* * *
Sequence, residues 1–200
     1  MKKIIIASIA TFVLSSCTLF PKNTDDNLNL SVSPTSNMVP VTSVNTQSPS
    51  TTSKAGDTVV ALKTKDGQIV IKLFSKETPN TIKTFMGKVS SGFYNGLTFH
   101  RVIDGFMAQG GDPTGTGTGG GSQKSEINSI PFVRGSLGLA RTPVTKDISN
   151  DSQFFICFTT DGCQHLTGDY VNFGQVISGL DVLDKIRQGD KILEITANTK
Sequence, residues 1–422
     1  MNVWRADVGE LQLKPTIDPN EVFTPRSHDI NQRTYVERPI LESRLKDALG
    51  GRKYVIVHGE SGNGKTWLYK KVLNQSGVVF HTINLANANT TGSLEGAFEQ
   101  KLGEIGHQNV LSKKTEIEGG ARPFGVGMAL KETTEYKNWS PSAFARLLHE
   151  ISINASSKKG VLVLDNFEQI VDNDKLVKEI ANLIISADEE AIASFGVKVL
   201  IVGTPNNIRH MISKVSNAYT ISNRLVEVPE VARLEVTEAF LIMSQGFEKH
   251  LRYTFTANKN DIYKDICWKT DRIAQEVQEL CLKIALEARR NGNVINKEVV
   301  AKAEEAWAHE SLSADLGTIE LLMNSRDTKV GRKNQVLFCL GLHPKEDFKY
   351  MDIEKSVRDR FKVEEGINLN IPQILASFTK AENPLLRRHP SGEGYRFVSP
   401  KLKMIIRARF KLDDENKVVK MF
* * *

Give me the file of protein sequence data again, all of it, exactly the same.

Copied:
Sequence, residues 1–200
     1  MKKIIIASIA TFVLSSCTLF PKNTDDNLNL SVSPTSNMVP VTSVNTQSPS
    51  TTSKAGDTVV ALKTKDGQIV IKLFSKETPN TIKTFMGKVS SGFYNGLTFH
   101  RVIDGFMAQG GDPTGTGTGG GSQKSEINSI PFVRGSLGLA RTPVTKDISN
   151  DSQFFICFTT DGCQHLTGDY VNFGQVISGL DVLDKIRQGD KILEITANTK
Sequence, residues 1–422
     1  MNVWRADVGE LQLKPTIDPN EVFTPRSHDI NQRTYVERPI LESRLKDALG
    51  GRKYVIVHGE SGNGKTWLYK KVLNQSGVVF HTINLANANT TGSLEGAFEQ
   101  KLGEIGHQNV LSKKTEIEGG ARPFGVGMAL KETTEYKNWS PSAFARLLHE
   151  ISINASSKKG VLVLDNFEQI VDNDKLVKEI ANLIISADEE AIASFGVKVL
   201  IVGTPNNIRH MISKVSNAYT ISNRLVEVPE VARLEVTEAF LIMSQGFEKH
   251  LRYTFTANKN DIYKDICWKT DRIAQEVQEL CLKIALEARR NGNVINKEVV
   301  AKAEEAWAHE SLSADLGTIE LLMNSRDTKV GRKNQVLFCL GLHPKEDFKY
   351  MDIEKSVRDR FKVEEGINLN IPQILASFTK AENPLLRRHP SGEGYRFVSP
   401  KLKMIIRARF KLDDENKVVK MF